venerdì 17 ottobre 2008

Interview with Vacon

q)What is your name?

a)I'm Vacon but my real name is Daniele Sartirani. Story: once I met a child who said to me: "That's you! Vacon" Vacon was his invisible friend. Now I stealed his identity, or maybe I used to be invisible all the time until then.

q) Where do you live and work?

a)Right now, in Milan. But I spend a lot of time of the year at Ravenna or Bergamo, where the people I care live.

q)What is your creative process like?

a)When I feel I have a good idea, I draw it, then scan it and color it. That's all. If I need sometimes I print it, but it's not necessary for all my artworks.

q)What is your favorite medium?

a)Paper. Everything is born on paper, at the beginning.

q)What is your current favorite subject?

a)heheh famous people. It' so amazing to see how we can regognize them even when there's no face to recognize, but just an "aura" that we have built around the image of the vip. I portray it, the "aura". You say: "hey, thats Stan Laurel and Oliver Hardy!" just because you see a fat and a thin with a bowler hat. We don't really see what we think to see. Did you ever read "The man who mistook his wife for a hat"? Something like that.

q)How long does it take for you to finish a piece?

a)A day. I never go to bed until I have finished my artwork (that means I usually stay awake until late night). Sometimes I tried - to go to sleep - but always woke up in the middle of the night to continue drawing. I've got the "unfinished design" syndrome, I guess. The problem is to have a good idea. Not all subjects are good do be portraied as I do. To find a good one, and a suggestive way to portray it, is the real hard work.

q)What has been your biggest accomplishment so far?

a)Well, I just started doing art, less than a year so... to become an artist from real scratch, is the best things that professionally happened to me, until now.

q)Are there any contemporary artists that you love?

a)My flickr contacts. There's so much art in there, I think they can't imagine.

q)Can we buy your art anywhere?

a)Yes. You can buy it from me ( or by my etsy shop. That's not so updated right now just because I haven't printed my new works, but it's just a matter of time. Stand by.

q)Anything that people should know about that we don’t??

a)I don't know if you heard about it, but the world is going to hell. Just to stay in argument: art and culture are in a sort of indian reservation. That's not good at all. We have to fight, before everything gets even worse.

q)What is your best piece of advice for those who would like to rise in their level of artistry?

a)To never be ashamed to ask for respect by art professionals. To pretend respect and acknowledgement for skills, merits, and talent, is not a privilege, is a right that every man has to fight for. But today it's even harder.

q)What inspires you to keep going when the work gets frustrating or tough?

a)There's always somebody new who wants to work with me for something interesting. I need support, by other artists, not to feel alone, and luckly I have it.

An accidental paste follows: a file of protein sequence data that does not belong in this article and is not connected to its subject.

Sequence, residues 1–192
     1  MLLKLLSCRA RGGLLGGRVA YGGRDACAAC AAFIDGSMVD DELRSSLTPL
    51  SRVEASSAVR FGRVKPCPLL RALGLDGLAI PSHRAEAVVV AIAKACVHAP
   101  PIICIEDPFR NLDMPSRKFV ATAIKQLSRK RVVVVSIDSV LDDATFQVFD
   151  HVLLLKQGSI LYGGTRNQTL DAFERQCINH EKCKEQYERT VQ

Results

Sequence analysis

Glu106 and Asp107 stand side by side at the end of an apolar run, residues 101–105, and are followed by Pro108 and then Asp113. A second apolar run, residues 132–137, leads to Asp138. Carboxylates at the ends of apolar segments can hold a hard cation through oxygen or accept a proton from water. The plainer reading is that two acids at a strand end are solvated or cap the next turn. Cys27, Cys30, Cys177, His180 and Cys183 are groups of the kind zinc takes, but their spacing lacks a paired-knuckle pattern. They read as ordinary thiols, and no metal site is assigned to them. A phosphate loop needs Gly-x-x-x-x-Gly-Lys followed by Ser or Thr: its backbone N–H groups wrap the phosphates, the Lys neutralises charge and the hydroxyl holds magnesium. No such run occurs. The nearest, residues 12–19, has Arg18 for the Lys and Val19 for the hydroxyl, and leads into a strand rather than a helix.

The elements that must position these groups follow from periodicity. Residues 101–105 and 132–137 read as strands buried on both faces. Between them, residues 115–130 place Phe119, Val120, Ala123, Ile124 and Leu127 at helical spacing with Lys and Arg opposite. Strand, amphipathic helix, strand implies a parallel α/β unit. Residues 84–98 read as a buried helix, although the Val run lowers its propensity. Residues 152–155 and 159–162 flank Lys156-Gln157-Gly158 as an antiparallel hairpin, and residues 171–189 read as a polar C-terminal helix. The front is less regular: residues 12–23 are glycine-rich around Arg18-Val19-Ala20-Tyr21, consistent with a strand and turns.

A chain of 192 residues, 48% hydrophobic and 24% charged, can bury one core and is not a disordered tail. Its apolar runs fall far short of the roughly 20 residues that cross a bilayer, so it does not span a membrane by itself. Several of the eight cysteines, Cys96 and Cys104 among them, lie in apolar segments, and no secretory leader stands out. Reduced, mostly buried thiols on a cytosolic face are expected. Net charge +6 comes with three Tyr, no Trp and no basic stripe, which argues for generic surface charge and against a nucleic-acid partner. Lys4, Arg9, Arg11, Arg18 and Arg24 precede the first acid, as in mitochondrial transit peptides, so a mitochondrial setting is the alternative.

q)How do you describe your work to those who are unfamiliar with it?

a)A mirror in which we can see ourselves as we are becoming.

q)What kind of training did you have which helped you achieve your current level of artistry?

a)Doing absolutely no drawings for nearly 6 years helped me to choose what I should draw. It's a lot of time, I admit, for the final result. :) But, seriously, before I was too confused. I think after the art school I had to stop and focus: what needs to be drawn? I could stay like that for the eternity waiting for the "satori". I favour good ideas, that's what I was always searching for.

q)Is there a tool or material that you can’t imagine living without?

a)No, but it could be paper. You know, I'm not so good with brushes: during the art school I just used to smoke hashish all the time.

q)Who are your influences?

a)That's a classic question. Ok, first: Luigi Serafini. I had his Codex as a present and he tought me that infinite alternative worlds are waiting to be illustrated. Second: Max Ernst. During the art school I really loved how he used to touch every new idea in art without losing himself. I think he did a great contribution in re-thinking every new visual art without being strictly classified. He was an idea-oriented man. If you scroll his catalogue, you can't find two similar pieces, that's absolutely great. And, last: Ernst Haeckel (I wish my name was Ernst ;D) i discovered him very late, after I started to draw what I draw, but since then my art can't be thought without him. And he even wasn't an artist!

q)What inspires you to create?

a)People around me, I mean in the streets or in the magazines. They're are waiting to be trasformed in something more slimy. I like to see, maybe, a family in the park and say: "so cute... they would be perfect monsters".

q)…your contacts…

a)Of course! my one and only contact - don't doubt, I'm an e-mail addict I check it at every blink.

My stuff on the web: for the myspace, for the shop.That's all. Ah and the Flickr:

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